NASA photo editor Joel Kowsky didn't just capture the solar eclipse from his vantage point in Wyoming, he also managed to capture the ISS buzzing across what remained of the sun.
In these videos, talented photographer and filmmaker Daniel DeArco breaks down several tips that will help flash photography newbies start experimenting with artificial light.
Photographer and master potter Steve Irvine makes incredibly intricate, functional ceramic pinhole cameras that look like robots and monsters.
Chinese gimbal manufacturer Gudsen has released a firmware update for its Moza Air that lets you control the direction and angle of the head remotely just by moving a small handlebar-mounted control unit.
Curious how the Sony a9 performs underwater? Our friends at Backscatter took the camera diving off the Baja California coast, to find out how it handled shooting great white sharks.
While most of the DPReview crew put away our cameras and just watched the celestial event, Rishi decided last-minute to hack together a rig and capture a few shots.
Defunct Russian camera maker Zenit is making a comeback, and they're planning to release a full-frame mirrorless camera in 2018.
The days where you're more or less locked into premium or first-party flash units has gone. They're less than $50 now, so there's one less excuse not to get one. Here's our case for adding one to your kit, and a few pointers to get you going.
If you're shooting the solar eclipse here's a hint: don't fry your camera's sensor. Use a proper solar filter that offers at least 16 stops of light filtration, along with UV and IR filtering. More important? Don't look at it unless you've got solar filters. Sensors can be replaced, your retinas can't.
Photographer Rick Wenner recently captured an odd event called the Race of the Gentlemen with a rather odd camera: The Phase One XF IQ3 Achromatic, the world's only 101MP black-and-white digital back.
Buying used is a good way to save some dough, and with the right precautions you can protect yourself from falling victim to a scam.
This two-part video series takes a deep dive into the world of dynamic symmetry and geometric composition, using iconic photographer Henri Cartier-Bresson's brilliant photographs as a guide.
Award-winning photographer Jeremy Cowart tells the moving story behind this drone photograph, captured in the aftermath of the devastating wildfire in Gatlinburg, TN in 2016.
Happy 2017 World Photo Day! We asked everyone on staff at DPReview to share one photo that they took within the last year that makes them jazzed on photography. Here's what we chose.
French President Emmanuel Macron has lodged a legal complaint against a paparazzo who snuck onto the president's private vacation property to take pictures.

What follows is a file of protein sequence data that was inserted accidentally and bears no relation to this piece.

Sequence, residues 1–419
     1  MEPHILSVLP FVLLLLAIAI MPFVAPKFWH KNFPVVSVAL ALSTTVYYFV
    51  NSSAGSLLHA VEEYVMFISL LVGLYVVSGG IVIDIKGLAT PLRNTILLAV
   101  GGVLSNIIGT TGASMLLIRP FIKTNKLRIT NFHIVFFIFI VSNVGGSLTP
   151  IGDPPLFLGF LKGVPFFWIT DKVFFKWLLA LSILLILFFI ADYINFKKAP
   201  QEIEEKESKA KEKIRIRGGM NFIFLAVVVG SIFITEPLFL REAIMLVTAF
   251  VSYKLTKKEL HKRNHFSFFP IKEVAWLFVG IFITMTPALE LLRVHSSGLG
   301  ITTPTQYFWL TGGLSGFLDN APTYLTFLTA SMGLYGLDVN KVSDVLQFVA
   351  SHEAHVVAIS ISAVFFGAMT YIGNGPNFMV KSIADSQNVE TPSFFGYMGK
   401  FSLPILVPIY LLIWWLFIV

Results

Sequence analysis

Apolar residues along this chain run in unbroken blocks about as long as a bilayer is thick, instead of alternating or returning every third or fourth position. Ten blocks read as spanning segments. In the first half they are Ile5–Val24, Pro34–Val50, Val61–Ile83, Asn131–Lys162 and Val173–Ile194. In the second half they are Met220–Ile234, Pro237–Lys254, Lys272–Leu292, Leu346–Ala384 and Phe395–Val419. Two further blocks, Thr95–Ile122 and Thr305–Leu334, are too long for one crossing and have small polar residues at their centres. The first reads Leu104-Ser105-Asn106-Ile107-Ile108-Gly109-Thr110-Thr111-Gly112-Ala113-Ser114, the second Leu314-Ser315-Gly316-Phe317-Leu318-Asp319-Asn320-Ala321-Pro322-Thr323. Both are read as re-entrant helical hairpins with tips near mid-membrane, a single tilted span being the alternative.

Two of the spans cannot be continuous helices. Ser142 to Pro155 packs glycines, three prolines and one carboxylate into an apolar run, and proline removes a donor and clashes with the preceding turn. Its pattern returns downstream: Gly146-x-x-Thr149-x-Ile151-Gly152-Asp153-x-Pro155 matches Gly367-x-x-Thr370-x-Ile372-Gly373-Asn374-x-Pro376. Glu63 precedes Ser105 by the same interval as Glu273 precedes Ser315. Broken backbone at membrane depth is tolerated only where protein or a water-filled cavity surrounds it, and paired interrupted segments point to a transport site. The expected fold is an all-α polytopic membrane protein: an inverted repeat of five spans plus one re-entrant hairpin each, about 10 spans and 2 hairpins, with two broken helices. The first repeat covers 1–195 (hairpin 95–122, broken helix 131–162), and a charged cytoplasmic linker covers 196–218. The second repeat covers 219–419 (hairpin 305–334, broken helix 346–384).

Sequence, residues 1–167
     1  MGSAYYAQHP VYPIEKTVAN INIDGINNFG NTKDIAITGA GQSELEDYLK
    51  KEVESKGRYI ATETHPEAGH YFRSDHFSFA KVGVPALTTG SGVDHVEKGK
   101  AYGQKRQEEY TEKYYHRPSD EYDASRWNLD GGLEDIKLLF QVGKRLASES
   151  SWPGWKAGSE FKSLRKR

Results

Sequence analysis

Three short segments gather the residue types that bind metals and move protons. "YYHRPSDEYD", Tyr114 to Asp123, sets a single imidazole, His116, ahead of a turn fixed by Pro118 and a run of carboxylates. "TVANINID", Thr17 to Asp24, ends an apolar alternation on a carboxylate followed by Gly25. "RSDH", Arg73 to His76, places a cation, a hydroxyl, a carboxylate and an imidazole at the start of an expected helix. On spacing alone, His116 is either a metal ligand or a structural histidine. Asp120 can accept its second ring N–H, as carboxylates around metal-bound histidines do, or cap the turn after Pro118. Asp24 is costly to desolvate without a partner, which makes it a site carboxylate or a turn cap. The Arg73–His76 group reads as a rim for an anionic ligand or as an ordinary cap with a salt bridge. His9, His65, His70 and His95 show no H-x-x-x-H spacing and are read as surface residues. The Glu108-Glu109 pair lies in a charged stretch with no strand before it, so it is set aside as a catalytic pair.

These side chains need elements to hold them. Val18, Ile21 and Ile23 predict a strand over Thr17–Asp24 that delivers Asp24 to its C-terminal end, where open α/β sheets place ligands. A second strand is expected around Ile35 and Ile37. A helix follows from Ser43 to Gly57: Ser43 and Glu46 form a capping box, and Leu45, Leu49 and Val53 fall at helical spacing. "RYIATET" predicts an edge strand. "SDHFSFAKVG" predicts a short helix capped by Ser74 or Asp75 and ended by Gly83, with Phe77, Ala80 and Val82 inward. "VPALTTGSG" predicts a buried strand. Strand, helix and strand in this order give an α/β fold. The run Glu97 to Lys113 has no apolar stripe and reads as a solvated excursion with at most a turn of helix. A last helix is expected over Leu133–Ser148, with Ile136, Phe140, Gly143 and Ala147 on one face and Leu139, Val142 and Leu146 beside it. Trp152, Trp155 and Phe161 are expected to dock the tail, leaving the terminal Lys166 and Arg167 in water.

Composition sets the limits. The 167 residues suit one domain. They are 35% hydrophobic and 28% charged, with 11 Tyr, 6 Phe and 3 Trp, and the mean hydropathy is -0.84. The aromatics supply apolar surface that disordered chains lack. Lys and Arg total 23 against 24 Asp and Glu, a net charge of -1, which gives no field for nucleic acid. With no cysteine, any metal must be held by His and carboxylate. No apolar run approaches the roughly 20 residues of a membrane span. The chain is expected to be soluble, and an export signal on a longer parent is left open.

Ever wonder what the difference is between compressed, uncompressed and lossless compressed Raw files? Photography Life's Nasim Mansurov breaks it down for you in this informative article.
The oldest known portrait of a US president was just discovered after over a century in storage. It's going up for auction in October, where it's expected to fetch between $150,000 and $250,000.
If you're using the popular Sigma 24-70mm F2.8 Art lens with Sigma's MC-11 converter, listen up: you'll want to update your lens and converter firmware ASAP.
If you've heard it once, you've probably heard it a thousand times: never check in your camera gear when flying. This shattered $11,000 lens is what can happen when you do.
Lensrentals just did its first Cine lens comparison, pitting five top-notch 35mm primes against each other: the Zeiss CP.2 35mm T2.1, Canon CN-E 35mm T1.5, Sigma 35mm T1.5 FF, Rokinon Xeen 35mm T1.5 and Schneider Xenon 35mm T2.1.
A team of Google researchers have found that slightly warping watermarks when embedding them into images can help prevent automatic removal.
You don't have to empty your savings account to take your photography to the next level. These cheap buys cost about $50 or less, and come with outsized benefits for your photography.
Joey L, Dani Diamond, Brandon Woelfel and Jessica Kobeissi go head-to-head in an episode of "4 photographers shoot the same model."
The latest flagship phone from Asus combines a 12MP 1/2.55" Sony IMX362 main sensor with a smaller Sony IMX351 chip for 2x zoom and a background-blurring portrait mode.
The company behind popular photo editor Picktorial 3 just released the X-Pack: a preset package that allows you to add Fuji's in-camera film simulation profiles to your RAF files in post.
Photoshop. GoPro. Every once in a while a product emerges that defines a category. And sometimes, it vanishes just as quickly as it arrived on the scene. This week's Throwback Thursday remembers the Flip, the pocket camcorder everyone had – until they didn't.
The Nokia 8's dual-cam combines the image data from a 13MP RGB sensor and a 13 monochrome chip for better detail, improved dynamic range and lower noise levels.
The company behind retail giant B&H Photo has agreed to pay out $3.2 million in monetary relief and back wages to settle a discrimination and harassment case from 2016.
After a popular Facebook teaser and some studio portrait samples, Godox has finally officially released the Godox A1 smartphone flash and flash trigger. Cheap, versatile and innovative, color us intrigued.